Let there be light....

Submitted: Thursday, Jan 05, 2006 at 17:46
ThreadID: 29380 Views:1689 Replies:7 FollowUps:7
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'Arpynoon all,

Driving home over holiday period, lots of traffic, turned headlights on, low beam.

Arrived home but this time forgot to turn 'em off!!!!!!

6 hours later the troopy she no go. Had to charge battery o/n. (dual system but only one battery at this time)

Anyone point me in the right direction for an audible/visual alarm to alert when lights are left on?

Don't have that problem with t'other car and old farts like me need all the help we can get.

Spoke to my local auto elec, who described in quite techo terms what was needed, but I understood zip.

If all else fails and there is nothing off the shelf I will have the local bloke work his (probably expensive) miracle.

Regards
Michael B(SA)
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Reply By: Footloose - Thursday, Jan 05, 2006 at 17:48

Thursday, Jan 05, 2006 at 17:48
$10 at Dick Smith, works well.
AnswerID: 146619

Reply By: Michael B - Thursday, Jan 05, 2006 at 17:50

Thursday, Jan 05, 2006 at 17:50
Tks Footloose,

Might go into competition with the local bloke, lol

Michael
AnswerID: 146620

Reply By: Rob from Cairns Offroad Training & Tours - Thursday, Jan 05, 2006 at 22:04

Thursday, Jan 05, 2006 at 22:04
In my training course I recommend to my people to have thier headlights on when on country roads specially in dusty offroad conditions. As a saftey precaution to prevent flat batteries I teach them every time they switch thier headlights on in daylight hours to lock thier drivers side door. Simple effective headlight on reminder. Cheap too. Cheers Rob.
AnswerID: 146675

Follow Up By: Member - Ozdyssey (QLD) - Friday, Jan 06, 2006 at 00:10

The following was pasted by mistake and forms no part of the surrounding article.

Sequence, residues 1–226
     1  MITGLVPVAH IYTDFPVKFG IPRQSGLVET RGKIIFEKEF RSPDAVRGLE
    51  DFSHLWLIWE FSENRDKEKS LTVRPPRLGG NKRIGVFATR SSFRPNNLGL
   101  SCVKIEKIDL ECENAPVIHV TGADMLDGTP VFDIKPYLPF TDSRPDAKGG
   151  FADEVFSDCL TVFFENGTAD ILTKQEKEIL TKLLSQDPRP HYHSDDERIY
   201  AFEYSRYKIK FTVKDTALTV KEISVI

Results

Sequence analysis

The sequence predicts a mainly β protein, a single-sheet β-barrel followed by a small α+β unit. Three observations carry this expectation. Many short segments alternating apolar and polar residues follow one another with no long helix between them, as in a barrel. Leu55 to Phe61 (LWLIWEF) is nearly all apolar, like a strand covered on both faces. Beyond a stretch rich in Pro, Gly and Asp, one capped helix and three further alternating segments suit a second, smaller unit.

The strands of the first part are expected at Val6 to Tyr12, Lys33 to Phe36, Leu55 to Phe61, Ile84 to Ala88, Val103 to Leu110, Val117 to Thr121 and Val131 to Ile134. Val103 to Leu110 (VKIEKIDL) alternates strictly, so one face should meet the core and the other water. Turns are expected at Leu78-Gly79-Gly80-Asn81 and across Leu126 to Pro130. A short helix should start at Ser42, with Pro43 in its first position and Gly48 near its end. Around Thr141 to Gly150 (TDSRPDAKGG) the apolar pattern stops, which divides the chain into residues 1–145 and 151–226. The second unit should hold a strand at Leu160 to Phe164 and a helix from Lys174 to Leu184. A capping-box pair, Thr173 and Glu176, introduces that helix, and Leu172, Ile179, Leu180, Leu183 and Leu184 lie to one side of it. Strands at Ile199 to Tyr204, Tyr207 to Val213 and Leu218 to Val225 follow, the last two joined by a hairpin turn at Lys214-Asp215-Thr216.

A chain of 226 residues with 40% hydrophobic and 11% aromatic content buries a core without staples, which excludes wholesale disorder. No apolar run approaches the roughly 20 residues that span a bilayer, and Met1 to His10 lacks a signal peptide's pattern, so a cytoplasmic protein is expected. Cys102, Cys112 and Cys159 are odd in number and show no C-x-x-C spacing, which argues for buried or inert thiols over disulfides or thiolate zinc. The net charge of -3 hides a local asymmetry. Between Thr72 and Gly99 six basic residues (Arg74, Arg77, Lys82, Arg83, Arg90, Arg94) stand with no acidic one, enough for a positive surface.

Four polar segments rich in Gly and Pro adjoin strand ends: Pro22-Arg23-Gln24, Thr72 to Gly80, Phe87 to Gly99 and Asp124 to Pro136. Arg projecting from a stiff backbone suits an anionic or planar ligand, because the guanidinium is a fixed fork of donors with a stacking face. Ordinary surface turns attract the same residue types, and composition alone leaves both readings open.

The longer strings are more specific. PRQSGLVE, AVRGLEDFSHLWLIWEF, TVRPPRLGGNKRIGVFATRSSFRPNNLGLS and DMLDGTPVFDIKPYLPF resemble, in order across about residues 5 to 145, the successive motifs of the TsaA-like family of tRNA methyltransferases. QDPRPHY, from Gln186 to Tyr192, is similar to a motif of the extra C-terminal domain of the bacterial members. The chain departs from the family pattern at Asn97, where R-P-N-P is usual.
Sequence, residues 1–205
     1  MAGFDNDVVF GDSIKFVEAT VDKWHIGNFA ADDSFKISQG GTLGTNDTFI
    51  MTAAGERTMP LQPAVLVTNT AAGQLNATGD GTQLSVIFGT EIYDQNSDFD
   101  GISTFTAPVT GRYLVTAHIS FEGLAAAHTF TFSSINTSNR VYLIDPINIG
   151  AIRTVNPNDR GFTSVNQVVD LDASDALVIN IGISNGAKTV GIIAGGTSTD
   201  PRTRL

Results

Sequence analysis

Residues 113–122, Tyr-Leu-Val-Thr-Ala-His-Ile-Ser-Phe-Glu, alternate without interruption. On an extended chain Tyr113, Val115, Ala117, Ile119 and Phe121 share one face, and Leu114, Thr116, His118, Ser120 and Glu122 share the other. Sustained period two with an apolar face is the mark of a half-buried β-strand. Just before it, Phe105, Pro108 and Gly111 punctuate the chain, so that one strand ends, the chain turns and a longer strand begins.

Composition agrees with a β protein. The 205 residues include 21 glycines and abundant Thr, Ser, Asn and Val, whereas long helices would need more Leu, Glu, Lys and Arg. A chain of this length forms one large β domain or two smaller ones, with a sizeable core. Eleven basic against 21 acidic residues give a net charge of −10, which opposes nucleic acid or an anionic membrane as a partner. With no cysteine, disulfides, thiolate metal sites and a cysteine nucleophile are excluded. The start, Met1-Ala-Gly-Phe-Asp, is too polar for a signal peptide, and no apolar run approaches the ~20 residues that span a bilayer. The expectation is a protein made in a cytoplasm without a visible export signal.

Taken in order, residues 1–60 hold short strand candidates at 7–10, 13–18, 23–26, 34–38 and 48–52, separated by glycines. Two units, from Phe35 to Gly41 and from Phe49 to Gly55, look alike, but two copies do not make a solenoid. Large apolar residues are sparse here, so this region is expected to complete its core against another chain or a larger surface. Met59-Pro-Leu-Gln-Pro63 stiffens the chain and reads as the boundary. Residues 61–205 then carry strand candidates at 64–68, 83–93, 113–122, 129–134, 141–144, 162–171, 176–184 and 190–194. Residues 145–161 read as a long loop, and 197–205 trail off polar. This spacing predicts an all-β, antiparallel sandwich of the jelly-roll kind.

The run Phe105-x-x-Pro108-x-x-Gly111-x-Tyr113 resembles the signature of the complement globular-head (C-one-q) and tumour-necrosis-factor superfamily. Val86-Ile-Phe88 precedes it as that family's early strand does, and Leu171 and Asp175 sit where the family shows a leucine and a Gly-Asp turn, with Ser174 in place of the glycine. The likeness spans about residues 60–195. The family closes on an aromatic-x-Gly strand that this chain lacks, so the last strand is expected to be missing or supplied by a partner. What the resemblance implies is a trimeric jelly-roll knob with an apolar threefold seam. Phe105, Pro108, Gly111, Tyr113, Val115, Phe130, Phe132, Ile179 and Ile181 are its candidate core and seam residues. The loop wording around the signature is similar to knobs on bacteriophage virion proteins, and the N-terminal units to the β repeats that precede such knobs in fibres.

Friday, Jan 06, 2006 at 00:10
Good one Rob, will use that.

Pavlo's dog....
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FollowupID: 400185

Follow Up By: Rob from Cairns Offroad Training & Tours - Friday, Jan 06, 2006 at 01:57

Friday, Jan 06, 2006 at 01:57
Another example I give for lights on in my course. I have ridden M\bikes all my life still do, lights on is an absolute saviour for bikes. Because I ride them I am very aware of them but sometimes at an itersection or in traffic with no light on I have missed seeing a m\bike or a push bike. Fortunately no acident but it certainly gives you a fright. We are basically animals and our brains will always react to light instictively. It cost you zip to have your lights on, if someone can see you chances are he wont run into you. Lights on has been compulsory on all registered Motorcycles since the late seventies in the very first year motor cycle acidents reduced markedly. Cheers Rob
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FollowupID: 400201

Follow Up By: Eric from Cape York Connections - Friday, Jan 06, 2006 at 07:36

Friday, Jan 06, 2006 at 07:36
The missus makes a loud audible sound when I forget things.
Even the neigbours here it

All the best
Eric
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FollowupID: 400205

Reply By: Sarg - Thursday, Jan 05, 2006 at 23:28

Thursday, Jan 05, 2006 at 23:28
Anyone point me in the right direction for an audible/visual alarm to alert when lights are left on?
Eyes & Brain ????
AnswerID: 146699

Follow Up By: Eric from Cape York Connections - Friday, Jan 06, 2006 at 07:35

Friday, Jan 06, 2006 at 07:35
The missus makes a loud audible sound when I forget things.
Even the neigbours here it.

All the best
Eric
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FollowupID: 400204

Reply By: Truckster (Vic) - Thursday, Jan 05, 2006 at 23:32

Thursday, Jan 05, 2006 at 23:32
Jaycar will have something to suit.
I had the same issues when I first got out of hospital after my accident, I lost 30% of my short term memory in the crash, and it was a bitch the first few times I drove (was first time in 2 yrs at the time)...